The information architecture needed to support numerous tactical projects to improve retrieval of structured and unstructured content, notably in the migration from a poorly organised shared drive to a SharePoint platform.

Within a comprehensive information management program, InfoArk devised a multi-faceted taxonomy reflecting the range of enterprise activities, and proposed complementary ways to employ it as SharePoint team sites, content folders, term set tags and a document naming convention.

We also demonstrated how the taxonomy can be extended with equivalent and associated terms to improve content classification, navigation, search and delivery.

Clifford Chance (2015)

Working as part of the Knowledge Management Team, we supported improved navigation and search by consolidating separate and overlapping controlled vocabularies into a single, coherent taxonomy for classifying content.

We also ensured that this taxonomy would align easily with the business entities, attributes and values defined by the data and solutions architects, to support systems using structured, semi-structured and unstructured information.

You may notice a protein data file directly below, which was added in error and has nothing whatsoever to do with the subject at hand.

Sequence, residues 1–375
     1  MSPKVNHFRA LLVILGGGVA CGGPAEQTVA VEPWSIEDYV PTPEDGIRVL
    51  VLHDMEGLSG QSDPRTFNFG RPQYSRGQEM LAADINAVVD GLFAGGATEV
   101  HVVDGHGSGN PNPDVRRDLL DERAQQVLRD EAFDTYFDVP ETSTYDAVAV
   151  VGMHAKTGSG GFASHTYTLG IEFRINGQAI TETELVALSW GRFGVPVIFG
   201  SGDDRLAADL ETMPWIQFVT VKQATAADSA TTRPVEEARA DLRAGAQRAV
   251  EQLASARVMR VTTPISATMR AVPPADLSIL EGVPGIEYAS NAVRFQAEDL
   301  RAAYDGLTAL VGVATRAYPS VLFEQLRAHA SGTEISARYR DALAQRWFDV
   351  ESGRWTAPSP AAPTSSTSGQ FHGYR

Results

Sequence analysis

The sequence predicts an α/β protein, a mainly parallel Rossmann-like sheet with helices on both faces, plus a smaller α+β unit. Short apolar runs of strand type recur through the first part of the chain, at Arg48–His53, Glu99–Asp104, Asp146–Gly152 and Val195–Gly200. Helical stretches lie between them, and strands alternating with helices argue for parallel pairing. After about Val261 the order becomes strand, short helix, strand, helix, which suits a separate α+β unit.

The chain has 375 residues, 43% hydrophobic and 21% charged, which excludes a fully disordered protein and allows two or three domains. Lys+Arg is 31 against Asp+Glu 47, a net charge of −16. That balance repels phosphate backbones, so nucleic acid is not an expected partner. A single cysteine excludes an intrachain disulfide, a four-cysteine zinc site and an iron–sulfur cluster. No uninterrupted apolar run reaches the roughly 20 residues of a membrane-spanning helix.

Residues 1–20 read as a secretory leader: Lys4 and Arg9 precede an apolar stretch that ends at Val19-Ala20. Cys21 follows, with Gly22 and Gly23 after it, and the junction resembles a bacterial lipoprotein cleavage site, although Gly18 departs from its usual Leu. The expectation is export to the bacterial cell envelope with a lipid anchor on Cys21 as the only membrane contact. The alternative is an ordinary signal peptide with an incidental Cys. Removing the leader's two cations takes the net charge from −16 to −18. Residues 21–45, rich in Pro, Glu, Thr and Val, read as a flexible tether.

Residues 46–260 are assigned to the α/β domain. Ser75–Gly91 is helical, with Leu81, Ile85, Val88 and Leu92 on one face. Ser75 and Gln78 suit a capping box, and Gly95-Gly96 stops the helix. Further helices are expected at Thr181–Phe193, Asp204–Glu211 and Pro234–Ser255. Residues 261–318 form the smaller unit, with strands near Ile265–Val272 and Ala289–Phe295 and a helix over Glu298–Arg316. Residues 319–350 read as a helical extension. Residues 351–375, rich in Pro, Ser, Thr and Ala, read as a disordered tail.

In addition, we advised on integrating the taxonomy into a SharePoint content management solution, and proposed a representative governance structure and transparent process for managing the controlled terms.

Cambridge University Information Services (2015)

Following a merger of its information services and IT providers, the university needed to design a new service catalogue.

InfoArk organised the services based on key attributes, so the catalogue could present logical and consistent information targeted to the needs of its multiple stakeholders, from students and staff to researchers and technical support teams.

The work involved structuring an intuitive, user-focused hierarchy for a web-based display, and an associated data model and data dictionary to unify the resources required for effective IT support.

Serco (2014 to 2015) 

The global outsourcing company relies on contracts, yet had no consistently applied definition or data structure to define this key business entity.  
Following extensive discussions with key stakeholders and legal staff, InfoArk devised a conceptual and logical data model, along with a data dictionary to support implementations of associated physical data models.